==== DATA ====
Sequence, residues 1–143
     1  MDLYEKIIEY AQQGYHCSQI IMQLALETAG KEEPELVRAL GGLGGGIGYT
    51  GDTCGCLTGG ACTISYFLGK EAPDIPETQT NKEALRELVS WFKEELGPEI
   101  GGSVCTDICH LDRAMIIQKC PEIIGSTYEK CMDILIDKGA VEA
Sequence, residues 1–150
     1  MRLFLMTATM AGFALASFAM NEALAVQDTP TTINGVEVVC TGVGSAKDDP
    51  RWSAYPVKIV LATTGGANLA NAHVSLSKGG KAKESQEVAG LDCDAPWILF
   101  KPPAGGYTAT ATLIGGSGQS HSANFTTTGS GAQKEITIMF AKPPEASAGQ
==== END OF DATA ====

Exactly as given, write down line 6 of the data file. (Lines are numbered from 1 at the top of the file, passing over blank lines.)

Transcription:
     1  MRLFLMTATM AGFALASFAM NEALAVQDTP TTINGVEVVC TGVGSAKDDP